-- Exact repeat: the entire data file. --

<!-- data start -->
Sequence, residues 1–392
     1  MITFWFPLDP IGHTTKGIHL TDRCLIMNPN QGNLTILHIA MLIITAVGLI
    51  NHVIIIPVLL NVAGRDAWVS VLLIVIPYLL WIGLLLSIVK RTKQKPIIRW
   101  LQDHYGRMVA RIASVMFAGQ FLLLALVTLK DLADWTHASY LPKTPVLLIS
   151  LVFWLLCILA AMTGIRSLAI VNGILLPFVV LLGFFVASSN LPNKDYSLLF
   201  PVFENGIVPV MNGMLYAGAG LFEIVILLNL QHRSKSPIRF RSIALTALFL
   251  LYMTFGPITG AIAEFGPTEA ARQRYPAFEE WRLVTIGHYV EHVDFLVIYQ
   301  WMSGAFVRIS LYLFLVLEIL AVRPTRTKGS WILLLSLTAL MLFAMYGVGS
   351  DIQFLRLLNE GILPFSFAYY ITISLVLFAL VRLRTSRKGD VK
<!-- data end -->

Sequence, residues 1–392
     1  MITFWFPLDP IGHTTKGIHL TDRCLIMNPN QGNLTILHIA MLIITAVGLI
    51  NHVIIIPVLL NVAGRDAWVS VLLIVIPYLL WIGLLLSIVK RTKQKPIIRW
   101  LQDHYGRMVA RIASVMFAGQ FLLLALVTLK DLADWTHASY LPKTPVLLIS
   151  LVFWLLCILA AMTGIRSLAI VNGILLPFVV LLGFFVASSN LPNKDYSLLF
   201  PVFENGIVPV MNGMLYAGAG LFEIVILLNL QHRSKSPIRF RSIALTALFL
   251  LYMTFGPITG AIAEFGPTEA ARQRYPAFEE WRLVTIGHYV EHVDFLVIYQ
   301  WMSGAFVRIS LYLFLVLEIL AVRPTRTKGS WILLLSLTAL MLFAMYGVGS
   351  DIQFLRLLNE GILPFSFAYY ITISLVLFAL VRLRTSRKGD VK